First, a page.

So, we should just take any allegations as fact? Guilty until you’re proven innocent? You think because one guilty guy might have got away with a crime (he didn’t, if you include the civil case), that anyone accused of a crime is instantly a rapist or worse until they prove otherwise?

I’m glad I don’t live in your world, and I really hope that senior justices of Scotland and the UK don’t agree in guilt before innocence like you do.

JayMitsuru says:

Warning: completely useless comments

It seems like being adressed by a fugitive is considered “downright un-judgely”..

or even that they JUDGED his contributions to be of negative value, to the point that it was worth a trip back home.

I actually pictured a row of guys in long black robes crossing thier arms over thier chests with disapproving frowns and doing an “about face” before filing solemnly out of the conference. In my version the silence is only broken by the chubby wheezy guy in the front row going, “Heh, Klingons.”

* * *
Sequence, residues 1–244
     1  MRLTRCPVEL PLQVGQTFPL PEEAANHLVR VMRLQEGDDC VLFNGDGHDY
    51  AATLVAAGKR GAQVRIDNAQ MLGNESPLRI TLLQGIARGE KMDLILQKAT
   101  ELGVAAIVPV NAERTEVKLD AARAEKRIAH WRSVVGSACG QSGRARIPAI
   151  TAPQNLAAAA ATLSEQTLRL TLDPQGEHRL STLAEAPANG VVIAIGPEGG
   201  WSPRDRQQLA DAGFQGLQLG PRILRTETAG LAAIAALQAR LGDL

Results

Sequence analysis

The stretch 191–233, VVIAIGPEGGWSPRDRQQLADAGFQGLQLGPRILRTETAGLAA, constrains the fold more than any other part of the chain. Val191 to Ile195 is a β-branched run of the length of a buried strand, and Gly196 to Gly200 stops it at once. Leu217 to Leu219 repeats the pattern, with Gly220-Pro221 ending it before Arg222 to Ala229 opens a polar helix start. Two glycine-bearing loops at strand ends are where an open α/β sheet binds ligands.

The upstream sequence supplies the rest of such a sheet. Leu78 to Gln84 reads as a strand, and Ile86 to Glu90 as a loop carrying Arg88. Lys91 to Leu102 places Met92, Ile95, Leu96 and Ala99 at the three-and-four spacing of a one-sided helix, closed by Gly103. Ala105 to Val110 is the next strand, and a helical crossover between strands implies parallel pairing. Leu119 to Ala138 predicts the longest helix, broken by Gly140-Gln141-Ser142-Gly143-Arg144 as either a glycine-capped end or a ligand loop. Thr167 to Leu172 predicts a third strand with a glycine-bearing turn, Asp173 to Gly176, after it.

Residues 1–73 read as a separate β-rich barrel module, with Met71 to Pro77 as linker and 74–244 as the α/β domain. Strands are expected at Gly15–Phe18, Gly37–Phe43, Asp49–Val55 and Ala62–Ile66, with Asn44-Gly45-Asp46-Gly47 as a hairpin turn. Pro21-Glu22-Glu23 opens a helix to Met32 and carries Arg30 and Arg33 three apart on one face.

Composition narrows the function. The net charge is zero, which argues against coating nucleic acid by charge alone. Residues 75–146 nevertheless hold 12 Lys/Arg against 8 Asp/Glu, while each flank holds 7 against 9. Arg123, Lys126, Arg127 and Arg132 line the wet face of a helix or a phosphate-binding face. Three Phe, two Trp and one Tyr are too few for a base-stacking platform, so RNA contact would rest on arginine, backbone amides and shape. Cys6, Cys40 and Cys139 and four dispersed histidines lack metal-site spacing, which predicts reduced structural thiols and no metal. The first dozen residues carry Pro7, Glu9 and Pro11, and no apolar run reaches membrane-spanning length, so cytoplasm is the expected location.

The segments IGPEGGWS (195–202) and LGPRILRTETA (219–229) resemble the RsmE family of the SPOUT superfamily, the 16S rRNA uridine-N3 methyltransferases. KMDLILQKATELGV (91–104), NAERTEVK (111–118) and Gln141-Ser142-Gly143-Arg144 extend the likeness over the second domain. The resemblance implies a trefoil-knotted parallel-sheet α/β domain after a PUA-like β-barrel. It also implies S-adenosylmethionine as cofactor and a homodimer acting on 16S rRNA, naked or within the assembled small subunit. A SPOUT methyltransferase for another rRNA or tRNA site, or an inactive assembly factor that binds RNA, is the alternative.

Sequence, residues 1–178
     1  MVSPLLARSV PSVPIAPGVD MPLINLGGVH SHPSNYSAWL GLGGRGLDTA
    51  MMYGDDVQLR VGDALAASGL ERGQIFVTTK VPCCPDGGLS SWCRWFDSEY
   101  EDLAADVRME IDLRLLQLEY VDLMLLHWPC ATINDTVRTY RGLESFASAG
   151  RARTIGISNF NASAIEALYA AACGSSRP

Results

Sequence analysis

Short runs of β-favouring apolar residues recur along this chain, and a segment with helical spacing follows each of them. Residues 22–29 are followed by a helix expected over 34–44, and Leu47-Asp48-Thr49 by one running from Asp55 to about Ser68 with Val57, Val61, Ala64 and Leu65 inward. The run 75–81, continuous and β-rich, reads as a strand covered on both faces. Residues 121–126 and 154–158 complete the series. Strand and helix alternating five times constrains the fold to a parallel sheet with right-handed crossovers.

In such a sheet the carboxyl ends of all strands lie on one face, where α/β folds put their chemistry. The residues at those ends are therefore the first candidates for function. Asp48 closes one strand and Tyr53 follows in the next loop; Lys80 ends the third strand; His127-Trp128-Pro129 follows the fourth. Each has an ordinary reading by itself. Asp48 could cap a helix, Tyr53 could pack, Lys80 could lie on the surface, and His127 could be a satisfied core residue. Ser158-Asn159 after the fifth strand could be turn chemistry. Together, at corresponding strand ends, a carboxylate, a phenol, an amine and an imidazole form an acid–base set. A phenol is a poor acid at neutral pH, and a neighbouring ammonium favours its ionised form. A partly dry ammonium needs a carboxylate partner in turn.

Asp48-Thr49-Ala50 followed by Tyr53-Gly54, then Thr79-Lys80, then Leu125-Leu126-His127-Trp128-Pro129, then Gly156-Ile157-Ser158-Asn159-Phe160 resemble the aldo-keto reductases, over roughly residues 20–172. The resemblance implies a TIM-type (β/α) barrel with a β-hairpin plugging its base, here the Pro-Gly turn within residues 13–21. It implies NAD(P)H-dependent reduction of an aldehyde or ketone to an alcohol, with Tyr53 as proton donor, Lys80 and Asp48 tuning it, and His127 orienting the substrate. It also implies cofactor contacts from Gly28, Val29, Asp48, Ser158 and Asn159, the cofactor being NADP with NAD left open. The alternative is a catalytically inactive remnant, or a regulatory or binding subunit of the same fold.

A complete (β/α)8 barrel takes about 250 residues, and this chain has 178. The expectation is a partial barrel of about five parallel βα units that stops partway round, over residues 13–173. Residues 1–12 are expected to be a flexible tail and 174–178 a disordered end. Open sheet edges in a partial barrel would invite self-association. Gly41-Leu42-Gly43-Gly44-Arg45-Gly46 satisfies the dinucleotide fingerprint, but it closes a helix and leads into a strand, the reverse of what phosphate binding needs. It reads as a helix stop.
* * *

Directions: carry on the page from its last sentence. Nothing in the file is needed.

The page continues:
John William Nelson (profile) says:

Conflicts can create issues

In reading the articles, some of the judge’s reasons I think are not well articulated.

However, I think it is fair and reasonable for a judge to not attend if they feel there may be a conflict in the future, especially if they may hear a matter involving that individual.

As for judges never talking to fugitives, I think some people view the legal system in too much of a romantic, absolutist manner.

Judges can absolutely speak with fugitives, or criminals, and often do. There are limits on where and when, and some acts may preclude you from hearing cases on the matters, but judges are people as well. And the court system is not as magical or absolutist as many people think (either here in the USA or in the UK).

Bamboo Harvester (profile) says:

Re: Conflicts can create issues

Read for content. I said SHOULD not converse with fugitives.